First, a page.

Sunday 22 March at 7pm at St Anne's Church, Highgate West Hill (where Betjeman was christened) - come and hear the church bells at 6.30pm - admission free, donations accepted. Refreshments will served.
"Deeply I loved thee, 31 West Hill", wrote Sir John Betjeman about his childhood home. He was born in Lissenden Mansions and baptised in St Anne's, and later vividly and wittily evoked North London in his poems. More than a century later, he and North London are celebrated in a new cantata: The Man in the Straw Hat, written on the 30th anniversary of his death, and performed in the same church.
Fleet Singers have commissioned this delightful piece with the support of an Arts Council grant. Local composer Benjamin Till, recipient of numerous awards in music and film, has set to music a selection of Betjeman’s best-loved poems about North London, as well as poems composed by choir members and local residents, including the well-known poets John Hegley and Cicely Herbert. Many of these were inspired by a poetry workshop at St Anne's itself. The four-part cantata interweaves different musical styles that echo the themes of the chosen poems, through evocation of place (Parliament Hill, St Pancras) or mood (times past, lost love, the outsider).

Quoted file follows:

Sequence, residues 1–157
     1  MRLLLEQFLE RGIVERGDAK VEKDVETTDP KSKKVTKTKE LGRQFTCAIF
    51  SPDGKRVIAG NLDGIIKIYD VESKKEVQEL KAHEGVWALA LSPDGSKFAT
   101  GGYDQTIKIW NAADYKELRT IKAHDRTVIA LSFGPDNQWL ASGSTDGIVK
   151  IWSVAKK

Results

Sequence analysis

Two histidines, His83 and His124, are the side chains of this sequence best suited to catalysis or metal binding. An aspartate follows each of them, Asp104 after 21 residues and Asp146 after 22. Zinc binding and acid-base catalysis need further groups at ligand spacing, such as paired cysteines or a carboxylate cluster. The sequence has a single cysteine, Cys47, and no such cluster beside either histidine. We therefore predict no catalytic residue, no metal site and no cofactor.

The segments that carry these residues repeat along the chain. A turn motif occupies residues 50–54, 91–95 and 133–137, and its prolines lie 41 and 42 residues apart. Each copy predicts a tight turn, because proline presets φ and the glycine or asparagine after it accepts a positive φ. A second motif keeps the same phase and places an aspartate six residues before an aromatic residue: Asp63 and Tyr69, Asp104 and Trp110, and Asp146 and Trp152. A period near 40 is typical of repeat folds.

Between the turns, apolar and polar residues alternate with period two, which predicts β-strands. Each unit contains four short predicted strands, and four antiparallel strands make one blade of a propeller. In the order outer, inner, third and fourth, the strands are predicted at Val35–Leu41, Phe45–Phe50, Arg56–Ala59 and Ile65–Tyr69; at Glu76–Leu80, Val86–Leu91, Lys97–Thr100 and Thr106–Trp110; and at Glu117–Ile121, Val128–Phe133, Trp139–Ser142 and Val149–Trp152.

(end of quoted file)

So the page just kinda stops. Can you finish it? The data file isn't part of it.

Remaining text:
The Man in the Straw Hat will bring together the choir with soloist Nathan Taylor and a string quintet, conducted by James Davey. A special art installation created by local artist Nathalie Frost and reflecting the poetry of John Betjeman will enhance the performance. And at 6.30 pm, the church bells, rarely heard nowadays, will be rung as a prelude to the performance and in memory of the man who was "summoned by bells".
In the first half of the concert, Diana Aubrey and Roy Batt will read additional Betjeman poems, and Camden Youth Choir, conducted by Rosamond Savournin and Naomi Roper, will perform a selection of pieces, before joining in the premiere of this unique work.
The event is ticketless, but donations will be taken at the end towards the choir's production costs.
Fleet Singers gratefully thank the Estate of John Betjeman for permission to use his poems, and Hampstead Wells and Campden Trust for their support for the art installation.